I don't know why they would add dye unless they were trying to disguise something that wasnt sumac or that they didnt think was red enough. I don't see that as being likely, its not like sumac is hard to come by etc. I'm thinking this might just be a case of unexpected yet legit results? I put a heaping tablespoon of dried crushed sumac berries into one cup of yogurt and marinated chicken for about 10 hours in it. I can see how color from the berries would leach out, but this was like a magenta/pink/weird. I KNEW I should have taken a picture.
Maybe it just looked weird because it was mixing with the white yogurt.
I think next time I'll just do a sumac rub and forgo the yogurt.


#22 Adam Balic

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Posted 29 March 2004 - 08:26 AM

I can see how color from the berries would leach out, but this was like a magenta/pink/weird.

Nessa - I think that you need to get some professional advise, this magenta/pink/weirdness is obviously spreading. Run, run for you life!

#23 Naftal

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Posted 05 May 2007 - 07:42 AM

Yes...I use it in tahini and hoummus, I know it is good in falafal. But, other than that, how do you use this wonderful seasoning?

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#24 ChefCrash

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Posted 05 May 2007 - 09:46 AM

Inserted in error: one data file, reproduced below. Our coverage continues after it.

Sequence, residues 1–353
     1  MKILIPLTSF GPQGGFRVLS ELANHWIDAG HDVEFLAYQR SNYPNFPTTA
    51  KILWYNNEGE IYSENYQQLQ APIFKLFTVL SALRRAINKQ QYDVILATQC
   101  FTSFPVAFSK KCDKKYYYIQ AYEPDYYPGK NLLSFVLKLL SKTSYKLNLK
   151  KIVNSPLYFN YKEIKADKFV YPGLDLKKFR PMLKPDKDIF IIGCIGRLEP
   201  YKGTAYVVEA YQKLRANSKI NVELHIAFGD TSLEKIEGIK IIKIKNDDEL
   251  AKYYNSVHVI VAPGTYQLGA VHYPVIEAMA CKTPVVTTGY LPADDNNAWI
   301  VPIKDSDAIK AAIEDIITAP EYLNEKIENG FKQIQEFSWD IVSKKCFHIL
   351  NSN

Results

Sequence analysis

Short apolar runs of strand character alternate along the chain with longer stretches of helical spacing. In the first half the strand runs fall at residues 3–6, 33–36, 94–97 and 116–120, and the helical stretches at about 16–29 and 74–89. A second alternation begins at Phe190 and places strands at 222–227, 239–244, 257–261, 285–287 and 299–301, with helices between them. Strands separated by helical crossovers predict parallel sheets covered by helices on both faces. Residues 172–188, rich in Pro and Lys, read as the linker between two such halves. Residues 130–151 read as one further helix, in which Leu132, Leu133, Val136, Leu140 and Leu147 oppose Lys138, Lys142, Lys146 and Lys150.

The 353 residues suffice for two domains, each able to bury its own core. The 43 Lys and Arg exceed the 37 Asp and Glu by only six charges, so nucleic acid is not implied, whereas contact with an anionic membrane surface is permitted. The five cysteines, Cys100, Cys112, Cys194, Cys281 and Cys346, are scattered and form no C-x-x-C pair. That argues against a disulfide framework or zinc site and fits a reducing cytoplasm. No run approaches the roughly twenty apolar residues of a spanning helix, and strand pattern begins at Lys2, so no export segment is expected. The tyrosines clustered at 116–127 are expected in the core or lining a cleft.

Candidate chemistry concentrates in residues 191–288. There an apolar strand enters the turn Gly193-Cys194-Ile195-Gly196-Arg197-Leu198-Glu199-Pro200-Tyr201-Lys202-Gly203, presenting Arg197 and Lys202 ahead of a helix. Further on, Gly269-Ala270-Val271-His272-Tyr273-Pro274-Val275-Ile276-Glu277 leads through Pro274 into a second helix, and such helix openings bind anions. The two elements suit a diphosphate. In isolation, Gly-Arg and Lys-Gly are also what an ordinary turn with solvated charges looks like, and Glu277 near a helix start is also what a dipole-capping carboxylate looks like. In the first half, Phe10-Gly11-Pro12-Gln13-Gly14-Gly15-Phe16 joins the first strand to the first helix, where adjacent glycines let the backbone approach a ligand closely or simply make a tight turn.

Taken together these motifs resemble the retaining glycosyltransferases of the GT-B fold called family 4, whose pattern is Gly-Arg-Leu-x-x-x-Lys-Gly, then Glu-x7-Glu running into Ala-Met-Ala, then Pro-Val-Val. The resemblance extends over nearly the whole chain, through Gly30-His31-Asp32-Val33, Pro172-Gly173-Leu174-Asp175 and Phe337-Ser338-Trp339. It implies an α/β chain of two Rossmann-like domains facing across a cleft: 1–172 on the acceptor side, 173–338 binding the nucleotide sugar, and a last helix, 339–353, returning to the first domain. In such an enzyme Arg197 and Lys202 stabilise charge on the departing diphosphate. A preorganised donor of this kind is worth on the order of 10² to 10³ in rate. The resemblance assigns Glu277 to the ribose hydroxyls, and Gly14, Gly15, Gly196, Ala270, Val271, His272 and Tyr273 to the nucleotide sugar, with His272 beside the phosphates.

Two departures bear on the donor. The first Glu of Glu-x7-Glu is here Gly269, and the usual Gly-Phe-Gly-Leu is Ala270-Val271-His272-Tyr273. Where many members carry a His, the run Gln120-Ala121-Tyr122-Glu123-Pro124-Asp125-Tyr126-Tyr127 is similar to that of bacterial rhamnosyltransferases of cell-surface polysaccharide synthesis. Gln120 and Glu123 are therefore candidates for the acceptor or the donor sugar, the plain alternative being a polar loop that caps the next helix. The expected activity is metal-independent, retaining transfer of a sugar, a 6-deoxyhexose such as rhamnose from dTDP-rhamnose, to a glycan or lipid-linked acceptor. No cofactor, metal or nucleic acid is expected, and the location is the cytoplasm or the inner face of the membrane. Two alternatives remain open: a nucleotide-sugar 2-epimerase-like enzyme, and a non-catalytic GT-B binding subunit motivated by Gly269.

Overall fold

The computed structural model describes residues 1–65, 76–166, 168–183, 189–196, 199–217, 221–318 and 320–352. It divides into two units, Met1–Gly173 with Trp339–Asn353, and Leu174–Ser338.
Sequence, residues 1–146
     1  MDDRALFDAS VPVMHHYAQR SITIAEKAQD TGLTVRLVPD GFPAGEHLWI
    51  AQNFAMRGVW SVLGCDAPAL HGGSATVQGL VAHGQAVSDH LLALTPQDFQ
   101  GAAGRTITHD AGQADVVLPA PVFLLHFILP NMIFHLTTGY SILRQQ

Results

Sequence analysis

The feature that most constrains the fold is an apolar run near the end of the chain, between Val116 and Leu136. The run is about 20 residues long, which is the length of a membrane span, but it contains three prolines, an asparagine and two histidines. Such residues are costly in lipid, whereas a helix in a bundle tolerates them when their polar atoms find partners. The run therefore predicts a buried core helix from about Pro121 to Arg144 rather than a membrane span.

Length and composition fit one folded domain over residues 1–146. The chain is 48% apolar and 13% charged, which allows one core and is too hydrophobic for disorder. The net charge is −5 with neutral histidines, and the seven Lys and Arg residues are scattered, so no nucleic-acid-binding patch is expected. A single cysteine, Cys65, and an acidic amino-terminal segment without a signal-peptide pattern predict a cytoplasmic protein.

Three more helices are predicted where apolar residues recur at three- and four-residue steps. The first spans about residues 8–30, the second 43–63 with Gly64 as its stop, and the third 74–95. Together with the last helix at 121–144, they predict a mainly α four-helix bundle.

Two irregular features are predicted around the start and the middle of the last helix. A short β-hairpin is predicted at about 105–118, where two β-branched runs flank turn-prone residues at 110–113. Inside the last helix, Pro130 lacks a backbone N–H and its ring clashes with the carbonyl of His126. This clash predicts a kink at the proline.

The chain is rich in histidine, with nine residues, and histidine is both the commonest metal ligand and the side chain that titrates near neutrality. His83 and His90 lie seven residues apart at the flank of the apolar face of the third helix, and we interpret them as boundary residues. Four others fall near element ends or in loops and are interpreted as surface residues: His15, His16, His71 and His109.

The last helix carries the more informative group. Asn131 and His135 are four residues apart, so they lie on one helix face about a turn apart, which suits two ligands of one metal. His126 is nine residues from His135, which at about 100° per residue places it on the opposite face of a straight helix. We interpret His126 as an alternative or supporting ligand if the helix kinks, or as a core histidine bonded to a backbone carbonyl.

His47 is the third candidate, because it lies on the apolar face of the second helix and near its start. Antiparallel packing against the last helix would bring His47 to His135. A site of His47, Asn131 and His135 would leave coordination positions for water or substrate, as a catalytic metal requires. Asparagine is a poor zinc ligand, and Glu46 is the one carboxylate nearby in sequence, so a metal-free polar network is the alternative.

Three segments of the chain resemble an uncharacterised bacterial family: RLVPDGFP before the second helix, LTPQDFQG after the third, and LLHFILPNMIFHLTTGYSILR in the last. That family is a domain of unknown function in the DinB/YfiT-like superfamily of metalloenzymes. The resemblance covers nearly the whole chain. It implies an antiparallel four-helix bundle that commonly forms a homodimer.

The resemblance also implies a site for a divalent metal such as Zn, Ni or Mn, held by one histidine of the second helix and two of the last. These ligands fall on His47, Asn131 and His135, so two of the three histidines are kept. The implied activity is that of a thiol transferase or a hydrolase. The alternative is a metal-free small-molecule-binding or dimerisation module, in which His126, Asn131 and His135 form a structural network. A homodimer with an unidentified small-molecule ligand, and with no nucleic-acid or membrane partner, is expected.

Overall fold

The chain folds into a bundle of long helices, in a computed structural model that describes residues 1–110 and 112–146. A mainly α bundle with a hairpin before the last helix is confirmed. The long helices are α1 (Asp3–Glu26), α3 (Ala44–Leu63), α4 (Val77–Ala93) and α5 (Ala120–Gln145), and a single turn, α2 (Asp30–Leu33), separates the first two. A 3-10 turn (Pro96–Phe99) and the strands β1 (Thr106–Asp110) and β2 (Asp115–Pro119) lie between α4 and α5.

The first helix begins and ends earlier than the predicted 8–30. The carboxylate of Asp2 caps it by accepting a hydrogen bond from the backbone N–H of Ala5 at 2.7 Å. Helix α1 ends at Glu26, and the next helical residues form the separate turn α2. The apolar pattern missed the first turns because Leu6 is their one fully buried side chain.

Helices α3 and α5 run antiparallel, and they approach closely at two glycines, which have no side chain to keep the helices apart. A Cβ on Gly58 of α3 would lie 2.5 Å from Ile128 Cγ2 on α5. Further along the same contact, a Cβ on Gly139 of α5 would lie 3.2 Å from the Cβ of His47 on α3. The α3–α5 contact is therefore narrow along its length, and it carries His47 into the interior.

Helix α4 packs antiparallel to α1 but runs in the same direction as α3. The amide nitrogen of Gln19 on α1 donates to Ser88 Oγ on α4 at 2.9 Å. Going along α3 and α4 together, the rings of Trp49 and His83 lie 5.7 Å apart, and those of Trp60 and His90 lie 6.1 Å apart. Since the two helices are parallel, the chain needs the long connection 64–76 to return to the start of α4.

Hi Naftal

Zaatar is 1 part Thyme, 1 part sesame and a 1/4 part Sumac and salt to taste.

Sumac is used instead of lemon juice in Fattoush.

#25 Alisond

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Posted 05 May 2007 - 10:12 AM

My grandma makes sumac lemonaid. It's a very good beverage.

#26 BonVivantNL

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Posted 05 May 2007 - 02:43 PM

also works as a tenderiser. add some to a lamb marinade. try it on fish as well but don't leave it in too long.

#27 Shaya

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Posted 05 May 2007 - 04:36 PM

Persian chelo kabob.

#28 SeaGal

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Posted 06 May 2007 - 10:09 AM

I like to sprinkle it on pork chops, lamb and fish before grilling or broiling. I make oven fries with olive oil, garlic, S & P and sumac sprinkled on before roasting in a hot oven. It's also good on salads that have tomatoes, parsley and/or feta cheese in them.
Jan
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#29 boaziko

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Posted 06 May 2007 - 11:07 AM

On slices of (white) raw onion rings.

I use it a lot in salads and grilled meat skewers. (chicken and lamb)
"Eat every meal as if it's your first and last on earth" (Conrad Rosenblatt 1935)

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#30 scubadoo97

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Posted 07 May 2007 - 08:21 AM

I add it to my lahama jeen (sp ?) for a little tartness